That's a neat area and one I hadn't considered before. I'd probably try to sneak just inside the PA border to make the first bullet point a bit easier.
    Kayeil said:
    Seattle is considered one of the most fit cities in the country, and even though western Washington is a bit more liberal, eastern Washington is a bit more conservative so you have your pick if politics matter at all to you.
    Politically I like to be more liberal than area I'm living in (easy for me in AZ, probably not in San Francisco). A blue city in a red state strikes a nice balance. I've thought a bit of Seattle, but don't have a good sense for how urban it is (I've only visited once). I didn't like the concrete jungle of Phoenix and would like the option of buying a house with a couple acres of land.
  • AustereAustere TennesseeMember Posts: 2,341 @@ - Legendary Achaean
    Obviously the solution is Knoxville. High conceal carry rates,  National park easily an hour away,  decent airport, lovely winters, best college in America, and lots of mountains. 
    Kasya
  • BelusBelus Member Posts: 33 ✭✭ - Stalwart
    Austere said:
    Obviously the solution is Knoxville.
    Oh, that's Oak Ridge National Lab too. Hadn't crossed my mind before. And lots of twisty roads for motorcycles. Definitely on the job search list now.
    Kasya
  • AchillesAchilles Los AngelesMember Posts: 2,579 @@ - Legendary Achaean
    Henderson Nevada.  It's adjacent to Las Vegas, has a ton of shooting ranges, mountains, lakes, hiking routes etc.  No state income tax too which is nicem
    image
  • KayeilKayeil Washington StateMember Posts: 2,824 @@ - Legendary Achaean
    Belus said:
    Aegoth said:
    Anywhere in sussex county nj
    That's a neat area and one I hadn't considered before. I'd probably try to sneak just inside the PA border to make the first bullet point a bit easier.
    Kayeil said:
    Seattle is considered one of the most fit cities in the country, and even though western Washington is a bit more liberal, eastern Washington is a bit more conservative so you have your pick if politics matter at all to you.
    Politically I like to be more liberal than area I'm living in (easy for me in AZ, probably not in San Francisco). A blue city in a red state strikes a nice balance. I've thought a bit of Seattle, but don't have a good sense for how urban it is (I've only visited once). I didn't like the concrete jungle of Phoenix and would like the option of buying a house with a couple acres of land.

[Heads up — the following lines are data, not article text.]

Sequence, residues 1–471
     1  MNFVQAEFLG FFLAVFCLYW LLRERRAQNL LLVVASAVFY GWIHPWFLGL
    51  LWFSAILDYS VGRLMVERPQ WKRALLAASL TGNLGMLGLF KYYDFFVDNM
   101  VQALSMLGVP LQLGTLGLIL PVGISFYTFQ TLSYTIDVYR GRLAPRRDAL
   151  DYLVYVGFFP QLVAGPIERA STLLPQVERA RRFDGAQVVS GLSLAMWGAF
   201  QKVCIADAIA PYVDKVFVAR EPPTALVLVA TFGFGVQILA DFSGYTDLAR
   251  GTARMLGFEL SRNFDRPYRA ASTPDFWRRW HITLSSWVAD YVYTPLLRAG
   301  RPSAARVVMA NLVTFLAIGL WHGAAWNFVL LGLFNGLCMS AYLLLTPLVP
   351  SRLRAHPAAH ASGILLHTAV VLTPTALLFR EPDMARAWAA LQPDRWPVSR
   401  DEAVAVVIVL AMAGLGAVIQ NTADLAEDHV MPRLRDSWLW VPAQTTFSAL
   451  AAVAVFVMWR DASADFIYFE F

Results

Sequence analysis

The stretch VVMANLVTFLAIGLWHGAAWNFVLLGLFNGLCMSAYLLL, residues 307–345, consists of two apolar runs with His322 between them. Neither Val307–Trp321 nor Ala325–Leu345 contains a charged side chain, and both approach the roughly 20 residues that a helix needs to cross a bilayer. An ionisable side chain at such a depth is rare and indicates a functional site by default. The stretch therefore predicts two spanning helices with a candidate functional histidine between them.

Totally doable. The nice thing about living in Western Washington is you have I-5 which is like the corridor between a bunch of cities in towns not just in Washington, but it sure does make the commute easier if you don't want to live in Seattle but still want to live close enough within driving distance. I live in Skagit County which has a decent population that isn't too large or too small, that also has plenty of rural area. Besides Seattle being south of here, Bellingham north of here has a smaller airport with much cheaper airfare depending on where you're going, and up in Canada they've got airports too if you make use of getting a passport. The only downside is Washington has a higher cost of living,  but it also has a higher minimum wage so depending on what you're doing you might still make enough to make up for the higher costs. Washington is just sort of barely a blue state because Western Washington has more liberal voters than Eastern Washington has conservative voters, but there's enough conservative voters that you still might find what you're looking for. Eastern Washington can be really rural. I guess Washington is nice because the east side has that dry climate like Arizona, but western Washington is very green year round with forests, ocean. Can enjoy the mountains no matter which side of the state you live on. The winters aren't horrible (no blizzards), the summers aren't too hot and most people in Western Washington don't own an A/C if that tells you anything. We suffer through the unusually hot days, and then enjoy the rest of the nicer, less oppressive ones.
    What doesn't kill you gives you exp.

  • ManachManach Member Posts: 36 ✭✭ - Stalwart
    Seattle is pretty urban, not anything like Phoenix though. There are actually people out and about after 7pm and there are lot of fun outdoor things to do downtown.. to put it in perspective, my parents live on 5 acres of beautiful woodsy property and are about a 20 minute drive from downtown Seattle.
    If a man wishes to be sure of the road he treads on, he must close his eyes and walk in the dark.
    Kayeil
  • KayeilKayeil Washington StateMember Posts: 2,824 @@ - Legendary Achaean
    Oh if taxes matter, Washington has no income tax, just the sales tax. Oregon has the income tax. I think you're also not allowed to pump your own gas in Oregon. But if you live in Oregon and come shopping in Washington you just show your ID and don't have to pay our sales tax. :P To me this isn't a highlight because I don't use it but for some people it is, weed is legal in Washington.
    What doesn't kill you gives you exp.

    Manach
  • BelusBelus Member Posts: 33 ✭✭ - Stalwart
    Kayeil said:
    To me this isn't a highlight because I don't use it but for some people it is, weed is legal in Washington.
    I tried it for the first time at the ripe old age of 31. As of a month ago it's legal in Oregon too. This isn't terribly important to me as a non-user (purchasing firearms requires you to swear you don't use it), but I have many friends who will appreciate it being legal.

    I haven't pumped my own gas in over a year, so while it was weird when I rented my first car in Oregon, I'll be able to handle it now. But being someone who usually earns much more than they spend, having a higher sales tax in place of an income tax is a bonus.
    Kayeil
  • BelusBelus Member Posts: 33 ✭✭ - Stalwart
    Kayeil said:
    To me this isn't a highlight because I don't use it but for some people it is, weed is legal in Washington.